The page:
Some useful notes when eating Japanese food (especially if you have a Japanese guest):
- The rice or the soup is eaten by picking the relevant bowl up with the left hand and using chopsticks with the right. Bowls of soup, noodle soup or ochazuke may be lifted to the mouth but not white rice. Soy sauce is not usually poured over food at the table; a dipping dish is usually provided. In particular, soy sauce should never be poured onto rice or soup. Noodles are slurped.
- Chopsticks are never left sticking vertically into rice, as this is how they are ritually offered to the dead. Using chopsticks to spear food, to point, or to pass food into someone else's chopsticks is also frowned upon.
- When taking food from a communal dish, unless they are family or very close friends, turn the chopsticks around to grab the food; it is considered cleaner. If sharing with someone else, move it directly from one plate to another; passing food from one pair to another is a funeral rite.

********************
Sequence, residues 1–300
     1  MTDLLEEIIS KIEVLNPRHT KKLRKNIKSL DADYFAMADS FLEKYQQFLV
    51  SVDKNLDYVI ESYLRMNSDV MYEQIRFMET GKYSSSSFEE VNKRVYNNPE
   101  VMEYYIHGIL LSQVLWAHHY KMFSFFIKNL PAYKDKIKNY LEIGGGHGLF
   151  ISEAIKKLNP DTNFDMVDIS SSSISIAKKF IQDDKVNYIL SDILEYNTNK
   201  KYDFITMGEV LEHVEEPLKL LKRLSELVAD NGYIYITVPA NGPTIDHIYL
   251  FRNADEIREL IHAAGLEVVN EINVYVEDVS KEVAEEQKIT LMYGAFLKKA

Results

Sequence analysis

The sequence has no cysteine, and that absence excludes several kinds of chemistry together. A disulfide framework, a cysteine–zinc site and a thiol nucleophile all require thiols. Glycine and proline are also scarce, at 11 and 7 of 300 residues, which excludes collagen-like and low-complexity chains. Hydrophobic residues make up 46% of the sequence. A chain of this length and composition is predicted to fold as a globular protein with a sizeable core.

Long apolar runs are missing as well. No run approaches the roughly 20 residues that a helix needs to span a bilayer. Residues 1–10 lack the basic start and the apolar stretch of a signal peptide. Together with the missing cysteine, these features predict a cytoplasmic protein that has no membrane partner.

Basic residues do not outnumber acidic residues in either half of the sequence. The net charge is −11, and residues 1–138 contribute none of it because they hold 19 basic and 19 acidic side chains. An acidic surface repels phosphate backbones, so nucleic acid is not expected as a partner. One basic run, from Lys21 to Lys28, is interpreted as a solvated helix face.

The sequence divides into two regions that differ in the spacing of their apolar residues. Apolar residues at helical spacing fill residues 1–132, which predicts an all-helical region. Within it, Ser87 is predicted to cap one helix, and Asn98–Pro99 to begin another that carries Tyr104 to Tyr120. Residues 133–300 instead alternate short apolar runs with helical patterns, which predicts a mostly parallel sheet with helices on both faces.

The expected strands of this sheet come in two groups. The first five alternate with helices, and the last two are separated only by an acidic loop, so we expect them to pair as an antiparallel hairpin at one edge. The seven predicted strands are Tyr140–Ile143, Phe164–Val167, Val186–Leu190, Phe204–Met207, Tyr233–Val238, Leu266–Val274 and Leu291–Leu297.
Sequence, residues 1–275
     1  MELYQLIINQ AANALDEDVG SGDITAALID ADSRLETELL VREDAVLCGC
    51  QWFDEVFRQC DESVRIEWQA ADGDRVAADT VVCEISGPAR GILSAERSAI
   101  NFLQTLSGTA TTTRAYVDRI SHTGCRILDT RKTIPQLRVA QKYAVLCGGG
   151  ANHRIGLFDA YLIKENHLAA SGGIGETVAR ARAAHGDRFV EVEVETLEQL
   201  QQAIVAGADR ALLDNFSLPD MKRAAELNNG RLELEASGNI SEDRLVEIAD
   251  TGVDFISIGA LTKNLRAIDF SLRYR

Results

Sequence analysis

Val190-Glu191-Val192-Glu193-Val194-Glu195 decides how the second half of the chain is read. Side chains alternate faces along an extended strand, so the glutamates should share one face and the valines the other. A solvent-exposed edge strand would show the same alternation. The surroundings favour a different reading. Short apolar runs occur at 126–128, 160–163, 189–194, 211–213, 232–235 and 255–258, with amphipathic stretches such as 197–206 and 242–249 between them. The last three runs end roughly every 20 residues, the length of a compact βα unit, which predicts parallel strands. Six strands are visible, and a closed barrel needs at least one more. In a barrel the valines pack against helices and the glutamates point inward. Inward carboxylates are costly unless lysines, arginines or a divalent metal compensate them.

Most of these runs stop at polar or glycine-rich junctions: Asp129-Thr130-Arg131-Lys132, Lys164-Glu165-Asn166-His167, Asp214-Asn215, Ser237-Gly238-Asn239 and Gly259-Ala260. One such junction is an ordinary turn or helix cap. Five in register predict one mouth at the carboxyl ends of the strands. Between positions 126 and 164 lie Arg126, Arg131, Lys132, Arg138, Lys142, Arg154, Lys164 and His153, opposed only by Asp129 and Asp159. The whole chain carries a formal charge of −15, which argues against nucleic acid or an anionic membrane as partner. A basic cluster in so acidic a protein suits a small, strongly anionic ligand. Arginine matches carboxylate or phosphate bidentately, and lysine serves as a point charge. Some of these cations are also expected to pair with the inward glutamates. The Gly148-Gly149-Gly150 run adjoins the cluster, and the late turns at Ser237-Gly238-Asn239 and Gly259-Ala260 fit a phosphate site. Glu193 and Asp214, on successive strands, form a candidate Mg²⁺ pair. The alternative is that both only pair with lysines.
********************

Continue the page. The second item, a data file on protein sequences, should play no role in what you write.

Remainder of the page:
- It is customary to eat rice to the last grain. Being a fussy eater is frowned upon, and it is not customary to ask for special requests or substitutions at restaurants. It is considered ungrateful to make these requests especially in circumstances where you are being hosted, as in a business dinner environment. Good manners dictate that you respect the selections of the host.
- Even in informal situations, drinking alcohol starts with a toast when everyone is ready. It is not customary to pour oneself a drink; but rather, people are expected to keep each other's drinks topped up.